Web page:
The constant conversation about women, men, work, family, children and what it means to 'have it all' always stops short for me on the 'all' front. What does 'all' mean? Is it different for me? For you? Short, provocative news clips on the subject jump right to the punch of 'can women/families have it all' leading us to nod our heads in agreement one way or another avoiding the real question of what it is we are searching for. What do our lives lack? And how do we go and fill those gaps for ourselves and our families?
Not to minimise the issues at the heart of recent debate: lack of pay parity for women; a dearth of opportunity in the board room; and the suffocating realities of childcare costs. We know these are fundamental stumbling blocks, but I'd also argue that both women and men are also making the choice to get off the fast track and it's short-sighted to suggest that it's simply because it's 'too hard' or some obstacle is not allowing for it.
A lot of smart, educated, senior women I know have left the workplace behind because it's not making them...happy. It's not because the opportunity was limited, but because sitting around a soulless office all day is not as fun as spending time with the people, or doing the things, that make you happy. While flexing one's brain and feeling the satisfaction of contribution is one thing, the reality is that stale coffee, grey carpets, bad commutes and corporate travel (all the things I know) are highly overrated.
Over the past few years I've had a roller coaster of life and work experiences: from the privilege and excitement of building businesses and the joy of becoming a mother three times over to the frustrations and perils of toxic, sometimes sexist workplaces and the unfortunate lens of losing a child. I'm optimistic and ambitious (loving a Louis Vuitton bag as much as the next fashionista) but have really had to dig deep to figure out if that ambition makes me part of the 'senior woman executive balancing kids and homelife' rhetoric. Because the truth is I'm personally happier working from home in Gap sweats and getting a chance to hang out with my kids. I'd happily give up pretty much all the trappings of success to spend timing doing the things I love; which incidentally does both include 'work' and 'family.'
If you spend time thinking about what your life may lack and take stock of those around you who are happy, you might find that the lead story is how people, especially women, are indeed pursuing and finding it 'all' and no one has actually noticed.
Those successful, impressive, educated men and women I know who have pursued a career they feel good about; or become stay-at-home parents; or have given up large salaries have a few key things in common:
They realistically evaluate the bottom line. Let's not kid ourselves, at the end of the day it's about money. Many people don't have the luxury to overthink what they do on a day-to-day basis because they have a mortgage, bills and children. But the happiest people I know seem to make the right trade-offs. To simply suggest that all women (or men) would choose to be in the board room if they had good childcare; the respect of an organisation; and/or a senior position appropriate to their background; is simply not true. But the question is what are you willing to give up? What do you need to happily survive? That's the beginning of 'all.'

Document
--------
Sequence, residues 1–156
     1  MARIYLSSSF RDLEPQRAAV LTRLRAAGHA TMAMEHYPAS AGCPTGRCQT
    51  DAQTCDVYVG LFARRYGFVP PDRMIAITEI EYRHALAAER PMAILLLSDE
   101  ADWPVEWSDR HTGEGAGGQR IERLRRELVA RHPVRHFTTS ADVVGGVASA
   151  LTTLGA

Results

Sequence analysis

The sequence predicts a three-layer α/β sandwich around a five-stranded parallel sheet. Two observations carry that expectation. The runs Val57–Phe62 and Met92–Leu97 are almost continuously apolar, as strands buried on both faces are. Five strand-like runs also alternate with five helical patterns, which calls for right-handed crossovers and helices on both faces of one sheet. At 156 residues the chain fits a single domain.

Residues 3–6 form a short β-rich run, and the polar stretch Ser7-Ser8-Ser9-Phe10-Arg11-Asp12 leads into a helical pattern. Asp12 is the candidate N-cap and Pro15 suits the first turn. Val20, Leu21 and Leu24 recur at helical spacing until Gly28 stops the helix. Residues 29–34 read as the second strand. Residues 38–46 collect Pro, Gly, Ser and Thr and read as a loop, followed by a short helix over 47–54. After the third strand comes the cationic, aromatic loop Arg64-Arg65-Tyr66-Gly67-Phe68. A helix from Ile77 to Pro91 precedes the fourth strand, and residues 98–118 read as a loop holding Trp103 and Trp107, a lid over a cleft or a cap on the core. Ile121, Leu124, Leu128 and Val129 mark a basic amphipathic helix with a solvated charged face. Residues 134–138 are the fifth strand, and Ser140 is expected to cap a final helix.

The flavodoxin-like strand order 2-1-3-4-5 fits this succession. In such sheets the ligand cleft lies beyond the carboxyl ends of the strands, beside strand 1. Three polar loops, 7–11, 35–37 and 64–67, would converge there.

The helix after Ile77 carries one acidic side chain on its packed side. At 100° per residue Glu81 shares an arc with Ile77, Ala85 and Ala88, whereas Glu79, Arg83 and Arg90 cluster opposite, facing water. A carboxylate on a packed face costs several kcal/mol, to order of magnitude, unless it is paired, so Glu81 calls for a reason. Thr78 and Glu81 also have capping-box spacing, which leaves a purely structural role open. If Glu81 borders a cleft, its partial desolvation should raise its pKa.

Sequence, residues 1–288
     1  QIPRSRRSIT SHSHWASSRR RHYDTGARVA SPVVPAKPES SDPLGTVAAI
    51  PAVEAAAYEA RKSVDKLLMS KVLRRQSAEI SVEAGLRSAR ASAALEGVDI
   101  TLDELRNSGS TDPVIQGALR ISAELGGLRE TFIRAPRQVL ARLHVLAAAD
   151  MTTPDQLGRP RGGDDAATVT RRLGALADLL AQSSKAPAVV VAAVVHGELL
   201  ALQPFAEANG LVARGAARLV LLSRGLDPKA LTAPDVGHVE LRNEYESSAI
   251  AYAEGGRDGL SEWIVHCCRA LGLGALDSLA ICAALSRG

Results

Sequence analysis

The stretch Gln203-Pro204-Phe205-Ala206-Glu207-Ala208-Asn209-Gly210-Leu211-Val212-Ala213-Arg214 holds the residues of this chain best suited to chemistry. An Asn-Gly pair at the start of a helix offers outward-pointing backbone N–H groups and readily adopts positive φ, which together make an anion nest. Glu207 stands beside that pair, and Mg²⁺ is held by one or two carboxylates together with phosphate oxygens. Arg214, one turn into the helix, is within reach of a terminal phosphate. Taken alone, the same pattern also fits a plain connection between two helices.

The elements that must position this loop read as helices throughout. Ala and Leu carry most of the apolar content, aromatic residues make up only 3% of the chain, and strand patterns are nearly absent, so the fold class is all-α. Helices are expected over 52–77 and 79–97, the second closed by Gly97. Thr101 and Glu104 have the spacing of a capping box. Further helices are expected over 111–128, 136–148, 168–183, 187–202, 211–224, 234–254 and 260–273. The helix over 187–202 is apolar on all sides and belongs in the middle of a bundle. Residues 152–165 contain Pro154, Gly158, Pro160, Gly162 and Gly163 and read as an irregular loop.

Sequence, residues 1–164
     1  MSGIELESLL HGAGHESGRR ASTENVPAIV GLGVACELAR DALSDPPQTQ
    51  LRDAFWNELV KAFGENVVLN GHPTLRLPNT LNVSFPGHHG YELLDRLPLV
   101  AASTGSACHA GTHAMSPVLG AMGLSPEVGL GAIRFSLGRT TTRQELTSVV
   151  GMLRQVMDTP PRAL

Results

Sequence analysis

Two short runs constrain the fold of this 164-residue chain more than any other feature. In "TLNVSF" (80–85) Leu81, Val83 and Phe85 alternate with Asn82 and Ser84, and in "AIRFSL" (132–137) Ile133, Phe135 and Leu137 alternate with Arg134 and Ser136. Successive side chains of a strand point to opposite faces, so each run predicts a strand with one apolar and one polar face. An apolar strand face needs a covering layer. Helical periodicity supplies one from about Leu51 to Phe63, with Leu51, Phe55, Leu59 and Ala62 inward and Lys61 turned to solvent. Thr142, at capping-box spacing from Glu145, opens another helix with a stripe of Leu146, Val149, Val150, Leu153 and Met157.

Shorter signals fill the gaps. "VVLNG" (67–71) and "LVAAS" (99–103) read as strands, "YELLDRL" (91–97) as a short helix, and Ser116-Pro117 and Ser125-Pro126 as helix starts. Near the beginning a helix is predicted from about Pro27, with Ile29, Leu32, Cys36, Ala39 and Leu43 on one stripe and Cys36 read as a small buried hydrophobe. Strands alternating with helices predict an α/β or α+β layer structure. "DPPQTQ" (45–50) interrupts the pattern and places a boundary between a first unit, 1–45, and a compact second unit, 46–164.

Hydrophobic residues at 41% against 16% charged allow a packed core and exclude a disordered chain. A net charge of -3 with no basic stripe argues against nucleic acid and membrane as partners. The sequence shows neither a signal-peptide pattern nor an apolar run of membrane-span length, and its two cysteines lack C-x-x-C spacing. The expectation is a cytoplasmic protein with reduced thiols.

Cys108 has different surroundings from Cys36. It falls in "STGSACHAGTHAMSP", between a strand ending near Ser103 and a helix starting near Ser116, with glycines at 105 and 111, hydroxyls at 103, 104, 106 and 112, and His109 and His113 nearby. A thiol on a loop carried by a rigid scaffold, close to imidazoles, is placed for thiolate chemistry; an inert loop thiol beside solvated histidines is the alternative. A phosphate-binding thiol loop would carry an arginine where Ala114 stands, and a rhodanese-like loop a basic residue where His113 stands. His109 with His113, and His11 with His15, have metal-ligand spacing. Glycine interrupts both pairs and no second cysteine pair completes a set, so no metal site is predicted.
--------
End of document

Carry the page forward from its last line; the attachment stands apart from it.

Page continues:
Find a north star. Do you know what you want to be? Is it a better parent? An artist? A better friend? A better partner? Is that not as important an indicator of 'success'? How much time do we spend on goals that are the 'right' goals. Educated women are especially pressured to 'be all that they can be' but that's usually when held up to the paradigm of a male world. A good friend recently left a long career as an accountant to study interior design and I know a handful that prefer taking care of their kids to slogging to a corporate bank. I also know women who love to work. It's not about some prescribed end game it's about being true to you and your family.
Stop focusing on absolutes. One thing that is holding us back as a society is a focus on hard lines. There are many people (including myself) who are happy to work around the clock but equally need to do the 'life things' when they suit me. There are some (like my husband) who prefer to work at the office and turn off at home. If we look at the intellectual capital available in the world and actually worked around the 'life requirements' of our employees, we'd better take advantage of their economic contribution. The idea of work will continue to morph and change. It will become more fluid and inexact.
So what am I trying to say? Define all for yourself. No one else. Don't be pressured to fall in line. We are all just trying to survive but we can reclaim a bit more about what that means to us.Suggest a correction